December 08, 2005

Ecma Rubber-Stamps the MS XML Proposal

Industry sources indicated Thursday that Ecma International has voted to create the Technical Committee and move ahead with submission of Microsoft's "Open"XML to that standards body. The one dissenting vote -- the lone dissenting vote -- among members of the TC was IBM's. hp abstained, which is equivalent according to Ecma rules to a "no" vote.

There are standards and there are sub-standards: facts tell which kind Microsoft is putting together. The company's lunge at Ecma is proving what many suspected even before all the details were available, that Microsoft's Ecma submission equates to only superficial change in the status quo: that Microsoft's file format for Office 2003 (and for the next version, Office "12") remains effectively proprietary.

The Terms of Reference in the Ecma submission betray a sneering measure to cloak a proprietary technology in the false mantle of collaboration and openness. Microsoft is calling their file format "open" while it will lack several important requirements that would justify the tag.

The Terms of Reference answer several of the glaring questions begged by Microsoft's Thanksgiving-week public relations extravaganza, which amounted to a Pre-Announcement of this pretend opening of their file format. Here are some of the conclusions we can now make in question & answer format:

1. Who controls MS XML after Ecma International takes on the specification?

Microsoft only (with moral support from a list of partners & customers with no public evidence of contributions to the design, some of whom have been contributing publicly to the OpenDocument specification, too).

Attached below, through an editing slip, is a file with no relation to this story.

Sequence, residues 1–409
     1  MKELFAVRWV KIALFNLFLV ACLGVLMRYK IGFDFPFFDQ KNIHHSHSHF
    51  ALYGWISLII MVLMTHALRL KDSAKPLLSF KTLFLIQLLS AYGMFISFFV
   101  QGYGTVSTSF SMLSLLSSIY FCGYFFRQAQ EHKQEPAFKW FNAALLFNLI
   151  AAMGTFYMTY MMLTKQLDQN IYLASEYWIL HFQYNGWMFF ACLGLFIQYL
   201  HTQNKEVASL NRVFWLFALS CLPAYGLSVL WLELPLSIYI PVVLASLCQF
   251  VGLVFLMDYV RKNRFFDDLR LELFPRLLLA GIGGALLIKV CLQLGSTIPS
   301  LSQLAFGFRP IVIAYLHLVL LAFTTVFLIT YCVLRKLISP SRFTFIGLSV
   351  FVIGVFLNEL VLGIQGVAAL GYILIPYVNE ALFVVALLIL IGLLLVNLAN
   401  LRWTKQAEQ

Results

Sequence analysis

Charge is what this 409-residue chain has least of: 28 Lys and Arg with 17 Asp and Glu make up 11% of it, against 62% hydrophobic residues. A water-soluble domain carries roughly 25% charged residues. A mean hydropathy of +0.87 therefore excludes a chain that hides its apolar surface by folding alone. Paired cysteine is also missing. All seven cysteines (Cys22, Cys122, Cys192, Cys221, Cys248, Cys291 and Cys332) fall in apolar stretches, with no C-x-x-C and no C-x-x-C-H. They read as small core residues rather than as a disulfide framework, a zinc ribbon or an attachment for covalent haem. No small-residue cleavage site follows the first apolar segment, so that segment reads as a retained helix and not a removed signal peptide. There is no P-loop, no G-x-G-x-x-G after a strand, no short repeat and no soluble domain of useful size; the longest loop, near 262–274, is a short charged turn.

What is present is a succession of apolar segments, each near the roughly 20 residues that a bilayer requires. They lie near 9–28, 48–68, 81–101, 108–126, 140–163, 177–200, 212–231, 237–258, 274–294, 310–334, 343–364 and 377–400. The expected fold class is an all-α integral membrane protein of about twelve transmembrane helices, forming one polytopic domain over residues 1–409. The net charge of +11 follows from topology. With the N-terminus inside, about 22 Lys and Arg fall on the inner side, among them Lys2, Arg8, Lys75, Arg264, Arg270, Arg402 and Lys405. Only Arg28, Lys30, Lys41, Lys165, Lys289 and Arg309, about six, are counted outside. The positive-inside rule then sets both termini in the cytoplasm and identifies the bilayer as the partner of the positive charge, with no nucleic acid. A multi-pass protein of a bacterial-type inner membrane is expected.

The Ecma submission gets the technology-to-standards body relationship promiscuously BACKWARDS. The language in the Terms of Reference, "a. Produce a standard which is fully compatible with the Office Open XML Formats..." [italics added], indicates that the "standard" intends to be derived from existing technology.

Appropriate standards work -- like that of the OASIS OpenDocument TC, for example -- involves public people and organizations working together to come up with technology that satisfies the requirements of a document format that will be used by an infinite number of software developers and solve a long continuum or problems proposed by anybody, collaboratively.

In glaring contrast to the empty roster of contributors to the MS XML format, OpenDocument has had many important contributors to its creation & specification though OASIS:

Vendors Who Added to the Specification
End-Users Who Added to the Specification
2. Who (what vendors) are extending the MS XML file format to implement it in their own software?


Rest assured, however, that Microsoft will inform the world press as soon as a vendor comes on board to embrace their new "open" proprietary format in its software. I don't expect any to show up, because no organization or financial institution in recent years has been willing to finance a play that competes head-to-head with Microsoft in a landscape dictated by Microsoft.

MS XML exists in the current Office 2003 product, but this is not the format that will compete with OpenDocument. The format that will compete with OpenDocument is approximately one year from public release and over 24 months from reaching OpenDocument's current level of accomplishment with respect to OpenDocument's relationship -- ratification complete -- with its respective standards body.